• Restating and summarising shows the interviewer is intent on getting an accurate picture of what the candidate is saying.
  • Perceptive probing and use of follow-up questions again reinforces the interviewer’s interest.


The usual types of effective questions apply to competency based interviewing.

Open Questions

  • Open questions often begin with who? what? which? where? why? or how?
  • Open questions are often used to start off a new topic or subject and indicate to the interviewee that they are expected to do the talking.

Probing Questions

  • These sorts of questions are designed to search for information in greater depth.
  • They are vital for detail and for focussing the candidate and interview on particular areas.  


The interview script contains all the information and questions needed to conduct a fair and accurate interview.  It provides:

  1. Notes on preparing for and opening the interview
  • Structured Behavioural Questions which help the interviewer collect complete information on an candidate’s past jobs and experiences
  • Notes on closing the interview and rating the candidate.

The Interview Script provides ample space for an interviewer’s notes.  These notes document the interview. 

Assessment Centre Design


The Interview Script will contain:

Cover Page

  • Provides space for entering candidate’s name, interviewer’s name, the date and any other necessary information

Opening Page

  • Provides a checklist for preparing for the interview
  • Provides an outline for opening the interview
  • Outlines the process and the information that you need to share with all the candidates

Structured Behavioural Question Section

  • Contains questions which direct a candidate to discuss job-related behaviour around target competencies

Guidelines for Ending the Interview

  • Reminds the interviewer to close the interview in a friendly manner


  • Lack of concentration:.
  • Stereotyping: prejudging behaviour on the basis of a similar previous experience.
  • ‘Halo’/’horns’ effect: generalising across all competencies positively or negatively on the basis of one characteristic.
  • Primacy effect: an impression made at the beginning of the interview can overshadow conflicting information observed later.
  • Recency effect. The opposite of the above primacy effect.
  • Attribution theory. It is important that observers take account of situational factors affecting behaviour.

Subjective stance:

We do not like to have our own ideas, prejudices and point of view overturned.  Nor do we like to have our opinions and judgement challenged.  Consequently, when a candidate says something that clashes with what we think, believe and hold firm to, then we may unconsciously stop listening and plan a counter-attack in our own minds.  Similarly a candidate might use a word that triggers an unjustifiably negative or positive reaction.

The most common mistake made in recording is to start to evaluate whilst we are interviewing.

Our Other Job Hunting Resources

Firstly our STEM Career Blog. Secondly, there is our Latest STEM Careers blog. And also, our STEM Career Tips. Next, our STEM Career Blogs:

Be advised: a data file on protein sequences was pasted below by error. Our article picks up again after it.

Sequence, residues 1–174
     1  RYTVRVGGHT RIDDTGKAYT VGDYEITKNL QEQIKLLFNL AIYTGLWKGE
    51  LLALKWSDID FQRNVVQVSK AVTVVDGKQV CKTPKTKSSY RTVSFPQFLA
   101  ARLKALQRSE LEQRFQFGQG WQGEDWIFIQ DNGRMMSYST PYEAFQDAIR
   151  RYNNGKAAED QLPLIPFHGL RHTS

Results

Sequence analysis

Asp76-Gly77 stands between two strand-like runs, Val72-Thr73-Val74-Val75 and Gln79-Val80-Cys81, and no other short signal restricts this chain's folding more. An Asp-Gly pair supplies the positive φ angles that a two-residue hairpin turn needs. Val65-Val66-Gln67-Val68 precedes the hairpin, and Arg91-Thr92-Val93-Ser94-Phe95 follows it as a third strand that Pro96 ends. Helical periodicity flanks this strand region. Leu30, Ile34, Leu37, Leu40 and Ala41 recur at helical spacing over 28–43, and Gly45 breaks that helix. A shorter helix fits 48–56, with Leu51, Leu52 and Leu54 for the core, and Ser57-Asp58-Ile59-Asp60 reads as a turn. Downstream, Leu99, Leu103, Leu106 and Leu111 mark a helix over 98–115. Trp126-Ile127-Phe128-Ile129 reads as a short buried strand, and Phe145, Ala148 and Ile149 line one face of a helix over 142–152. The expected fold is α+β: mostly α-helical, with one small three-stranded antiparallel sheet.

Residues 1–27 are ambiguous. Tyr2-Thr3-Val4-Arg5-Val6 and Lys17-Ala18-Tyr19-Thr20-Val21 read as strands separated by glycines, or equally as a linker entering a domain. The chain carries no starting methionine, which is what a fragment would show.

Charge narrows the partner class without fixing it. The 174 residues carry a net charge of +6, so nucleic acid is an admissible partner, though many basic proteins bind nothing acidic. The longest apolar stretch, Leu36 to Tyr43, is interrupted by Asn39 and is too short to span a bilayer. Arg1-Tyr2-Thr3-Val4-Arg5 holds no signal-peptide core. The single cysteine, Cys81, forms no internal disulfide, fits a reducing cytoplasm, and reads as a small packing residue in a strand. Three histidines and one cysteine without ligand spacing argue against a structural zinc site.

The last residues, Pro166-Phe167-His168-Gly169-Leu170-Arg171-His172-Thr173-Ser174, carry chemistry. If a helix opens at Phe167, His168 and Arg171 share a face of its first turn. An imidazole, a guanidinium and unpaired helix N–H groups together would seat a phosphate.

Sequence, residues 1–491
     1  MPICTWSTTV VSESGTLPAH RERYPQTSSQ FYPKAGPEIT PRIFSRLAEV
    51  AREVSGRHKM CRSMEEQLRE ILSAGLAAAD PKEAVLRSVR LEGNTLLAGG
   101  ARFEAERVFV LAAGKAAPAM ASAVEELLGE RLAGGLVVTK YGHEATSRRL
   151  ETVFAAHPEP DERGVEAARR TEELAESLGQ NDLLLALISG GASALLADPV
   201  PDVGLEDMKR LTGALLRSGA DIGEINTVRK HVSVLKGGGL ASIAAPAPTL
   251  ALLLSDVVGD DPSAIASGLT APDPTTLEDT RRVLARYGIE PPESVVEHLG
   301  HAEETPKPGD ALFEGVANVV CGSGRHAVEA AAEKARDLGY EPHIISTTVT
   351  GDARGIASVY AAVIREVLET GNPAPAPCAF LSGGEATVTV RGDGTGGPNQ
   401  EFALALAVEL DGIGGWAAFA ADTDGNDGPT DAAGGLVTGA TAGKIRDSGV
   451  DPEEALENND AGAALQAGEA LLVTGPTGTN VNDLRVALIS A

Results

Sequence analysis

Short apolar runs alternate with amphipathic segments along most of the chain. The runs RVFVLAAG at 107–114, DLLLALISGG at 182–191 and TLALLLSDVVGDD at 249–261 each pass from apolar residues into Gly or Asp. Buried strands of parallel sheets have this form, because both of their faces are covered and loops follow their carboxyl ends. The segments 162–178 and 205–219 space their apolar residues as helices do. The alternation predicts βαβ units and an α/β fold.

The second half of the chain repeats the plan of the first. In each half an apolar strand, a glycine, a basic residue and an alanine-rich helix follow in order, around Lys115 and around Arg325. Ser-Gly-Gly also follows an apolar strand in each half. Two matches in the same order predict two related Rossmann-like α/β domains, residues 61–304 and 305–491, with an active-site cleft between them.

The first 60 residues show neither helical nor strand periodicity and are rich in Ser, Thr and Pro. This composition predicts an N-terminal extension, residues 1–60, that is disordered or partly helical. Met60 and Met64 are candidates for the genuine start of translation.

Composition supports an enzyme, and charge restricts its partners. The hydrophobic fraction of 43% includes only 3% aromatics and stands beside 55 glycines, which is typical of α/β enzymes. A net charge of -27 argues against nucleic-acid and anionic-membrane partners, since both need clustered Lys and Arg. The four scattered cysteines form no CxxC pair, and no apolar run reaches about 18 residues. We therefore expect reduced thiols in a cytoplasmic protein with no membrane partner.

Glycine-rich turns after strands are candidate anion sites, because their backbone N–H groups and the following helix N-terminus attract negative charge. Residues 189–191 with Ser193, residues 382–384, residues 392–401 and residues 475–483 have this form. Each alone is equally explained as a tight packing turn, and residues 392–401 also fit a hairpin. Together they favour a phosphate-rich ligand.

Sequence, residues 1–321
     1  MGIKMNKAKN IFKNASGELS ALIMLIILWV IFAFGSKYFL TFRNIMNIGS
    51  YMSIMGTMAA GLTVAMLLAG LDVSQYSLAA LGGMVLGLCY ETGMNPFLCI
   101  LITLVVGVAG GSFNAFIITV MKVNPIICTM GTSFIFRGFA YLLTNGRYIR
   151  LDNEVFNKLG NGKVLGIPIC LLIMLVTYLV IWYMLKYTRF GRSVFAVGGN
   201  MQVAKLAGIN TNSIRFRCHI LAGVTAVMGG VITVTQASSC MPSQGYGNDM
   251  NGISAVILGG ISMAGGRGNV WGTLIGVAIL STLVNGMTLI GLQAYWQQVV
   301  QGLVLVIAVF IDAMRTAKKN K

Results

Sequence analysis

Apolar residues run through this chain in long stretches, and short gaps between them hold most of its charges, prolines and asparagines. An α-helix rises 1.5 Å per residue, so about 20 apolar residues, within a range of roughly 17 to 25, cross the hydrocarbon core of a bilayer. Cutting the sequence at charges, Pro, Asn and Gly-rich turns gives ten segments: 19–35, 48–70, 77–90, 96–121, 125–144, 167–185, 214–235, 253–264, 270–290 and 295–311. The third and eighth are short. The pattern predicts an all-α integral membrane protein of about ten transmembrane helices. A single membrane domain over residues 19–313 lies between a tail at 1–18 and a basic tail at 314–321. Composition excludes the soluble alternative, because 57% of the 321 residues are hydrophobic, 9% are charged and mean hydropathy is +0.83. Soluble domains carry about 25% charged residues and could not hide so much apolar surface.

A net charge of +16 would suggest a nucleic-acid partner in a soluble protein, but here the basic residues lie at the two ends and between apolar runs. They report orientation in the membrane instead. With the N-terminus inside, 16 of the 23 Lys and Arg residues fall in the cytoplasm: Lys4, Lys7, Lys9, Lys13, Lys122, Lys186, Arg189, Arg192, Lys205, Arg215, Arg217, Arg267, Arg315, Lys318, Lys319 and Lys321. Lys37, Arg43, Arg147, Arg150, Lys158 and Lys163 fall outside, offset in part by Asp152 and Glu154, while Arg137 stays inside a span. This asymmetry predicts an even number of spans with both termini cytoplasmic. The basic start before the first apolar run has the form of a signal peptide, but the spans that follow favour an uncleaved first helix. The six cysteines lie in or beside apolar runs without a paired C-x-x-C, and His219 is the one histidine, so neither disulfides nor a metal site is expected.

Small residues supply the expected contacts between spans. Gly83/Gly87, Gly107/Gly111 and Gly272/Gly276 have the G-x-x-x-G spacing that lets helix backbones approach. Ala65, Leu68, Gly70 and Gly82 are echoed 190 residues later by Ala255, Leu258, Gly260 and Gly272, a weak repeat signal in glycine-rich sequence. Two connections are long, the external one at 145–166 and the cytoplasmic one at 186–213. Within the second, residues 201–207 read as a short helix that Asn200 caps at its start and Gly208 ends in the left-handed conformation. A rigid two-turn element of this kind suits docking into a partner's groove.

Next, Become a machine learning and AI specialist. Finally, Become a Business Intelligence Analyst.

Graduate Job Hunting Tips

Welcome to our Top Graduate Job Hunting Tips page.

Our Top Tips

  1. Use our job hunting tips below to stay motivated and to focus on the future, rather than any current frustrations.
  2. Even after a job application is unsuccessful.
  3. Remind yourself that this happens to every graduate.
  4. Track your progress by aiming for more applications to lead to graduate scheme interviews…
  5. Set a target for an increasing number of graduate job interviews per month.
Continue reading Graduate Job Hunting Tips
When to start 11 plus tutoring? Tutor helping boy

When to start 11 plus tutoring?

Welcome to our 11 plus tutoring tips page.

Our top tips

So, when should you start your 11 Plus prep for 11 plus 2019 entry? How much 11 Plus practice does your child need?

Generally speaking, we advise no more than 12 months of tuition for the Eleven Plus. So, starting at the beginning of Year 5 is probably a good time. At the very latest January of year 5 for exams taking place in September of year 6.

Continue reading When to start 11 plus tutoring?
Intelligence. Man playing chess

Intelligence Strengths Test

Welcome to our Intelligence Strengths Test .

This Test assesses the following seven intelligence strengths:

  1. Self-Growth / Self-Growth Intelligence
  2. Emotional / Emotional Intelligence
  3. Logical Reasoning / Logical Intelligence
  4. Kinesthetic / Kinesthetic Intelligence
  5. Spatial Reasoning / Spatial Reasoning Intelligence
  6. Numerical Reasoning / Numerical Reasoning Intelligence
  7. Verbal Reasoning / Verbal Reasoning Intelligence
Continue reading Intelligence Strengths Test
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School Entrance Tests

Our school entrance tests site was set-up to offer equal access to all private school enrance exams and all grammar school 11 plus exams.

We also blog on tredning STEM careers and on improving equality of access to STEM career for both school children and for recent 2019 graduates.

Our regular blogs also cover key private school entrance and grammar school entrance info that you might otherwise have missed.